- Availability: Parking lots can fill up quickly, especially during peak times. Even during late September, towards the end of the season, parking lots were getting full by around 10:00 AM. Of course, you can circle around to find a spot, but during the high season, it might be more challenging. The best advice is to arrive before 9:00 AM.
Driving Culture: Many of the drivers are tourists, so the driving pace is generally relaxed. However, on the highways and in cities with more locals, be cautious of cars changing lanes without signaling. Overall, we didn’t encounter any crazy drivers, but there are many motorcyclists and cyclists, especially in the northern part of Lake Garda.
Highways are toll roads. You can purchase a Telepass for faster passage through toll booths. Alternatively, you can pay with a card or cash.
Scenic Towns on Lake Garda – Which Ones to Visit
If you’re planning a trip to Lake Garda with children, you’ll likely be spending a lot of time by the pool and on the water. However, there are a few towns that you must visit, even if it means dealing with a bit of child grumbling.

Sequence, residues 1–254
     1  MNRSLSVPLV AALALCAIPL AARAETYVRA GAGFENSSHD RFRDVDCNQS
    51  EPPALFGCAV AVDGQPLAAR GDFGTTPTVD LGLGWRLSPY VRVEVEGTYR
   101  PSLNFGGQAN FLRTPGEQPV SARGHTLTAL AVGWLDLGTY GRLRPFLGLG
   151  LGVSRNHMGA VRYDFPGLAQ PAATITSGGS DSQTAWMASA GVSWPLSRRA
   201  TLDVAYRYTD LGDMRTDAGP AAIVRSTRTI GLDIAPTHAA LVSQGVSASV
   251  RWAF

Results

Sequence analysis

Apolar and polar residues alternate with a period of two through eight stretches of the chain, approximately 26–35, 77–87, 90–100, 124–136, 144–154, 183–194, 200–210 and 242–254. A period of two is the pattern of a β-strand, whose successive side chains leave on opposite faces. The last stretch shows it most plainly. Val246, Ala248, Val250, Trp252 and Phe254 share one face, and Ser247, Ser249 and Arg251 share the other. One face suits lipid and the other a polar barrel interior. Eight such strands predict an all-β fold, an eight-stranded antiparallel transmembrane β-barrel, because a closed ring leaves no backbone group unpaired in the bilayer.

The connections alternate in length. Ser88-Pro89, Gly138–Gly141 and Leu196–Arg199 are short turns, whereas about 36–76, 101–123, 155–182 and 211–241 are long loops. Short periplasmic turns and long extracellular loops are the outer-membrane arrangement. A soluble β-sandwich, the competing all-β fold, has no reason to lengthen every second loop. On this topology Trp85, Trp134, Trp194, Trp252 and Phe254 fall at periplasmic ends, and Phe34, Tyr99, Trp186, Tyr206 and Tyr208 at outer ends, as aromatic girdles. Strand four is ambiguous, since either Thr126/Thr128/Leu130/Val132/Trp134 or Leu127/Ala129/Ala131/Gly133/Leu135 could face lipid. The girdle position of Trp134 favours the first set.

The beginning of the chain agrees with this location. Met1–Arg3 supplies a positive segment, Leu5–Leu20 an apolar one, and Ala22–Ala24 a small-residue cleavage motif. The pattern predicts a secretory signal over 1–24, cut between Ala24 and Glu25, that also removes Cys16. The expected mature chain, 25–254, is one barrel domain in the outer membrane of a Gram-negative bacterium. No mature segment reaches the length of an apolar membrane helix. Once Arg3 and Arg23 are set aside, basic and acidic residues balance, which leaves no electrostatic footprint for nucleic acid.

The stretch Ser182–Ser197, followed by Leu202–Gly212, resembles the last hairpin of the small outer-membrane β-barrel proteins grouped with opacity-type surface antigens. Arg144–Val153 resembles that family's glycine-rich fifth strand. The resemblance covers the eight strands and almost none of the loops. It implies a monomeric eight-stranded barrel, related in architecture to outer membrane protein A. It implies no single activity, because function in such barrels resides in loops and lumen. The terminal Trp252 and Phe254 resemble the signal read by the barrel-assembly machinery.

On the Northern Shores:
- Limone sul Garda: Known for its lemon groves, it’s a picturesque town with colorful buildings and a beautiful promenade.
- Malcesine: Famous for its castle (Castello Scaligero), this charming town has narrow streets, a cable car to Monte Baldo, and stunning lake views.
- Riva del Garda: A lively town with a historic center, a beautiful lakefront promenade, and plenty of water sports activities.